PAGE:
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What's the Deal with Passengers Grabbing Luggage During Emergency Evacuations?

March 17, 2014 at 11:37 AM | by | ()

"One is an example. Two is a coincidence. Three is a trend."

Something has been troubling us lately. Recent footage and images of emergency aircraft evacuations show passengers consciously disobeying flight crew commands to leave their luggage onboard. Fools are grabbing carry-ons and shopping bags, hopping down the emergency slides with them, and running for their lives.

Granted, emergency landings and evacuations are an extremely rare occurrence and it's likely you'll never have to experience one. Still, should you find yourself queuing up to shimmy out an emergency exit, please remember to put the well-being of fellow passengers before that of your duty-free impulse buys.

Take, for instance, the tragic incidence of the Asiana 214 crash landing at SFO last year. Video footage of the evacuation (as the plane burns!) has passengers running with armloads of bags. Several bags are clearly from duty-free shops. To say this is embarrassing is a gross understatement, especially considering three passengers lost their lives.

This was happening even before Asiana 214. Remember that iPhone video of a Delta emergency evacuation? The filming begins inside the aircraft, and note that nearly every overhead bin is open. Passengers fleeing the plane are wearing backpacks and carrying duffels. Luckily no one was hurt and the evac was only a precaution.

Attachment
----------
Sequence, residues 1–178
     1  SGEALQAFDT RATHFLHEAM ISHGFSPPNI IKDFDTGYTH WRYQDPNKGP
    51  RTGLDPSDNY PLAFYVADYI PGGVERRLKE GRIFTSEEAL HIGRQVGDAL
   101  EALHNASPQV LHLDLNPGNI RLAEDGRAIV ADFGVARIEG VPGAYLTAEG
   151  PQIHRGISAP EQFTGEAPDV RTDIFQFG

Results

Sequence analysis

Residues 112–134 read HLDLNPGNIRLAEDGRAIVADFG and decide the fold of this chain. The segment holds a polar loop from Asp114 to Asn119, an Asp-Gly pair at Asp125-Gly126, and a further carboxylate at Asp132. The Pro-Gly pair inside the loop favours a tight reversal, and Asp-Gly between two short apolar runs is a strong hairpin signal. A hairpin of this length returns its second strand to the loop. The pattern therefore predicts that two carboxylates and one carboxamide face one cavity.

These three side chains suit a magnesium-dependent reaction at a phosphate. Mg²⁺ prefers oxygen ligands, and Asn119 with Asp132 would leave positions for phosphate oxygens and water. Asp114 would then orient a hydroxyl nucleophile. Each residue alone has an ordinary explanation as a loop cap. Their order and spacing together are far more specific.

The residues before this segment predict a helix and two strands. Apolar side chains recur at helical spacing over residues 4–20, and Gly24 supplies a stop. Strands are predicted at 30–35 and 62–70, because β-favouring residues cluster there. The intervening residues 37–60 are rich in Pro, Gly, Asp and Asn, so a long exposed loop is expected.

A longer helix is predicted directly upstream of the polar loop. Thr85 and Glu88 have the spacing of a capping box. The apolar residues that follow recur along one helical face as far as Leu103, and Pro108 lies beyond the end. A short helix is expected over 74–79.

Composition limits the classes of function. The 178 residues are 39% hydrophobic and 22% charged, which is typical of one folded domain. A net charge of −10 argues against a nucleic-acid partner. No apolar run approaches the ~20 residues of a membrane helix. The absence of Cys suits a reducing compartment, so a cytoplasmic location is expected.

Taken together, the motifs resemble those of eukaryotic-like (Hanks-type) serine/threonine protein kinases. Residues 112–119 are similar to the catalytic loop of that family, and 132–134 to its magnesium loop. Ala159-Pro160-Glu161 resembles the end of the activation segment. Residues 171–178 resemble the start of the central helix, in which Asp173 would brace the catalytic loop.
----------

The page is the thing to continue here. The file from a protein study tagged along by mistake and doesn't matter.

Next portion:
Most recently comes the case of the US Airways A320 sliding off the runway at Philadelphia International Airport last week after a failed takeoff and nose landing gear collapse. Not only did the passengers snap selfies, but some decided it'd be a good idea to flee the plane with their luggage.

The fact of the matter is, retrieving luggage takes time which could otherwise be used to get everyone out faster, you know, like before an explosion or something. There's also the danger of the hardware on bags damaging the inflatable evacuation slides. Say the person in front of you wears a backpack down the slide, and a keychain tears a hole. Talk about a nightmare situation.

Pay attention to the pre-departure emergency briefing, give the emergency card a good glance and, when in doubt, remember the golden rule to treat others as you'd like to be treated. Emergency evacuation? Get the heck out as fast and orderly as possible, and allow the people behind you to have that same opportunity.

[Photo: Passenger Dennis Fee/Facebook]

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